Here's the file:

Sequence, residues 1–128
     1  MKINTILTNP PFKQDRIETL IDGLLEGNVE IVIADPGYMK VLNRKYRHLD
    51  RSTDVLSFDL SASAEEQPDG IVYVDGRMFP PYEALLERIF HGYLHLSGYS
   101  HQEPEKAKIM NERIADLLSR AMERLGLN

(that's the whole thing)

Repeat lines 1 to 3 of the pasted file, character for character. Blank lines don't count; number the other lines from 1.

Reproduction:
Sequence, residues 1–128
     1  MKINTILTNP PFKQDRIETL IDGLLEGNVE IVIADPGYMK VLNRKYRHLD
    51  RSTDVLSFDL SASAEEQPDG IVYVDGRMFP PYEALLERIF HGYLHLSGYS